New Brunswick

Budding business grows in a different direction

Glen Herrington had plans to grow medical marijuana on his residential farmland with the purpose of selling it to a CBD oil producer.

Glen Herrington's plans to start a marijuana grow-op were denied by the province

Glen Herrington is starting a greenhouse business now that his plan to grow marijuana to sell to CBD oil producers was stopped by government. (Gary Moore/CBC)

Glen Herrington's buzz for his budding business idea was killed when the province denied a key  application he needed to start a micro-cultivation marijuana grow-op on his residential farmland in Nasonworth, just 15 kilometres south of Fredericton.

Herrington's original plan was to grow medical marijuana on his 10 acres, or about four hectares, on his home property on Mowrey Lane, with the idea to sell to a CBD oil producer.

Neighbours, concerned about things like the smell and decreasing property values, kicked up a stink about the plan. Ultimately the government denied a crucial rezoning application in the spring that nixed the whole startup.

"I was shocked, but I was devastated," Herrington said at his Nasonworth property on Thursday. 

Herrington's rejection letter from government outlines concerns raised by people in the area and expressed at a public meeting in December 2019. (Gary Moore/CBC)

Herrington said he knew there was a chance the application would be denied, but he was optimistic, since he already had approval from Regional Service Commission 11 to grow marijuana on his property.

With that approval and eager to get his business started, he invested $40,000 in equipment and materials so he could start growing marijuana as soon as he got the final approval from the province — which he never got. 

Herrington, who also runs a driving school as a primary source of income, had been financially sidelined for weeks at the time of his rejection letter because of the coronavirus pandemic. 

"That went sideways, no problem — life goes on, and now we're going to grow vegetables." 

Herrington is experimenting with micro-greens now, which he plans to sell as part of his new greenhouse business. (Gary Moore/CBC)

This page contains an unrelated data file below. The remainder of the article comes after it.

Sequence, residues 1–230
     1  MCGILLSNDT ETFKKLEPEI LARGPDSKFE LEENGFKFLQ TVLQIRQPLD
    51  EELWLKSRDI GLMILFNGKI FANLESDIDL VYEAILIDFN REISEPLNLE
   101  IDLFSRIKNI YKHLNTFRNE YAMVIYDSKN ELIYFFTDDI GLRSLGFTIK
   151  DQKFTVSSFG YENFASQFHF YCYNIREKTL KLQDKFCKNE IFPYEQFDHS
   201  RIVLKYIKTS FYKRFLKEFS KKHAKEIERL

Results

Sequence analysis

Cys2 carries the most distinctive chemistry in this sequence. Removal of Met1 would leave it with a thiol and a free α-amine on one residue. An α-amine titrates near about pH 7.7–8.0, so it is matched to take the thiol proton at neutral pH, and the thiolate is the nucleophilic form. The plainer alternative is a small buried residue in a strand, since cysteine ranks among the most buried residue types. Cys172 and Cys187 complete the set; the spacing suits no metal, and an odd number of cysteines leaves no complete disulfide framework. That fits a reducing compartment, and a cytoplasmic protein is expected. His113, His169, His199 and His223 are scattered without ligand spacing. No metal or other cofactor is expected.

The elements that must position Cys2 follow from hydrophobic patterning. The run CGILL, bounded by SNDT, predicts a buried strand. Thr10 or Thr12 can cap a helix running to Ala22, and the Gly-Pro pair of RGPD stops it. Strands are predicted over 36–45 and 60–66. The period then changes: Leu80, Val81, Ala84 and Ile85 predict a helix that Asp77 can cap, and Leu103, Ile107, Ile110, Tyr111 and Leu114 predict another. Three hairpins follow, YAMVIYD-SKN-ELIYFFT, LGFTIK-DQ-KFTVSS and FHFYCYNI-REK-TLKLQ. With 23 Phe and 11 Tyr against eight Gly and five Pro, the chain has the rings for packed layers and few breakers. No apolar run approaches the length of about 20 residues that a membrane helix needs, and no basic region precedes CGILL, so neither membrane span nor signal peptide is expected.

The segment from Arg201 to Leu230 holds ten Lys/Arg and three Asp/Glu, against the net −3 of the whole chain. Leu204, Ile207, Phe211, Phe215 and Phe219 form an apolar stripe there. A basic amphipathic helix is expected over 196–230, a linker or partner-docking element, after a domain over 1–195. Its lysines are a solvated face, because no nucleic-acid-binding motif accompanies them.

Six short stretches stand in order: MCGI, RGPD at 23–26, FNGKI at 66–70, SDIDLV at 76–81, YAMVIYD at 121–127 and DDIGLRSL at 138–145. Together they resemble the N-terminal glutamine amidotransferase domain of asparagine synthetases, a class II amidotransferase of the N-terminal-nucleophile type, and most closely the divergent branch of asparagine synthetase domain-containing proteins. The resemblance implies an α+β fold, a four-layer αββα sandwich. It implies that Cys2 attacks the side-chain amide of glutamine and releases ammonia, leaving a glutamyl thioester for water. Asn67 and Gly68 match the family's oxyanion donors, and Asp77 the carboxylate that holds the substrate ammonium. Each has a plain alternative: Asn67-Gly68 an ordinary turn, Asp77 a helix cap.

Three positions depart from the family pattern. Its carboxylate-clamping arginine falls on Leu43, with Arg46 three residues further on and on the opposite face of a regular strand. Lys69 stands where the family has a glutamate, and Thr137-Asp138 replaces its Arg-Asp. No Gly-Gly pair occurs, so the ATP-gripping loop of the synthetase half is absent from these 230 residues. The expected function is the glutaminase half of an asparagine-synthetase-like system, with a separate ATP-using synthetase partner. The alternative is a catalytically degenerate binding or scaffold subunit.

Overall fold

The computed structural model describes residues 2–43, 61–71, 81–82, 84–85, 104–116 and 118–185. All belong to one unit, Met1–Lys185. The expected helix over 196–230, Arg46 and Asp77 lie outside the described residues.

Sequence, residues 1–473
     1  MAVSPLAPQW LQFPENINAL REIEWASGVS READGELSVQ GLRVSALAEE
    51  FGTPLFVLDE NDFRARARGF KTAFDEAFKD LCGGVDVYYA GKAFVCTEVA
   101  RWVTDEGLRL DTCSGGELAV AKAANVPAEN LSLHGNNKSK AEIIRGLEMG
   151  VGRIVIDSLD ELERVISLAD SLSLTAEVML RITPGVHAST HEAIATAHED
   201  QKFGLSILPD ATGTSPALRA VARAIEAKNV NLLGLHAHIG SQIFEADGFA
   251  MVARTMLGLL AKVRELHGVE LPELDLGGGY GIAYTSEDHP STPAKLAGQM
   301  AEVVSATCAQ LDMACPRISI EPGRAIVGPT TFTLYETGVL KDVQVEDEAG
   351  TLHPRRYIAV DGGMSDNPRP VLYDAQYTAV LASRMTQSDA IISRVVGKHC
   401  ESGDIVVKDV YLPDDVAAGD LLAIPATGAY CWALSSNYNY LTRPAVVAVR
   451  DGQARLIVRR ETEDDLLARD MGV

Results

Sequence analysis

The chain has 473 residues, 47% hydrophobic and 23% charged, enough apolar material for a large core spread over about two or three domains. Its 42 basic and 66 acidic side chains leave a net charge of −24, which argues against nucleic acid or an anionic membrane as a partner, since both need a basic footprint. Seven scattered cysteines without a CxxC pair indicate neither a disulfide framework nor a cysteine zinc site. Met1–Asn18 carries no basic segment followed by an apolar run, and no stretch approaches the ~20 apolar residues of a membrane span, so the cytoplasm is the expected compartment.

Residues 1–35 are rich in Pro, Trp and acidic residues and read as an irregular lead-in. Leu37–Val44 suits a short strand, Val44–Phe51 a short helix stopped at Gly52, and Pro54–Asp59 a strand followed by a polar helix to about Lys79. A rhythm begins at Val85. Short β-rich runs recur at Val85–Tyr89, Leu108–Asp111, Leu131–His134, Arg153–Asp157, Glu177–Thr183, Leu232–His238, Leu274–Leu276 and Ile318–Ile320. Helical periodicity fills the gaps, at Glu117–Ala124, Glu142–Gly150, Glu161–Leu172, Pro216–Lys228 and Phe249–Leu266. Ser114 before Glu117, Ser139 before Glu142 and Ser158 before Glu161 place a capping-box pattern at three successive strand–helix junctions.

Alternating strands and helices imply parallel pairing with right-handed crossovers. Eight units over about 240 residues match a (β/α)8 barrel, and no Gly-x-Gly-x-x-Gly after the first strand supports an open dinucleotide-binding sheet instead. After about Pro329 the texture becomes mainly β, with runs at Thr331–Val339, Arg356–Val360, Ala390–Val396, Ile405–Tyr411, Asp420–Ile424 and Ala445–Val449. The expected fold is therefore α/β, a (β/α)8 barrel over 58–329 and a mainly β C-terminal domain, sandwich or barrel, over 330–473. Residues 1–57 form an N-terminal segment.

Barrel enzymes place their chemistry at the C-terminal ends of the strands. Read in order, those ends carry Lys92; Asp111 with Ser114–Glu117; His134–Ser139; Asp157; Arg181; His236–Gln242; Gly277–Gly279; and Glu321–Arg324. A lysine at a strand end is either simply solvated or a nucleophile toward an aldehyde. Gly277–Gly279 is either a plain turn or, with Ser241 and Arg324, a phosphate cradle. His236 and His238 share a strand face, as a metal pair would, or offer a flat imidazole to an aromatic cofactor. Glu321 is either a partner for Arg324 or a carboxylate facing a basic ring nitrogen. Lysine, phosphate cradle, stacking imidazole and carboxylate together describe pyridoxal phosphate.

Herrington said he was concerned about the price of food and access to produce during the pandemic — so he started growing his own tomatoes and micro-greens.

And he saw an opportunity to use the equipment he'd already bought o start a greenhouse business.

Herrington said he researched greenhouses "very extensively" while doing the groundwork for his marijuana business plan, and he went ahead and purchased the same greenhouse he had picked out for his grow-op.

From grow-op to micro-greens

1 year ago
Duration 2:14
After the province denies his rezoning application, budding pot grower Glenn Herrington switches to fresh produce. 2:14

There's already a large transportation container on Herrington's property that was intended to be used to grow marijuana — but now it's being used to grow micro-greens, using lights that were intended for his grow-op.

"I'm learning how to grow micro-greens and what kinds grow faster and slower, and what has a better taste."

Herrington has already started growing tomatoes, peppers, carrots, beets and cucumbers, which will be moved inside his greenhouse when it arrives. 

Herrington had purchased this container to grow marijuana. Now he's using it to grow micro-greens. (Gary Moore/CBC)

And it wasn't only physical equipment that Herrington had invested in for his previous business plan, he already had a name incorporated to use which he'll now use for his greenhouse business.

"I can still use the name as York County Growers and we're growing greens for everybody," Herrington said.

Herrington said he's planning to grow vegetables year round in his greenhouse, which will be heated with a wood furnace. 

He hopes to have everything up and running in the fall.


Gary Moore

CBC News

Gary Moore is a video journalist based in Fredericton.


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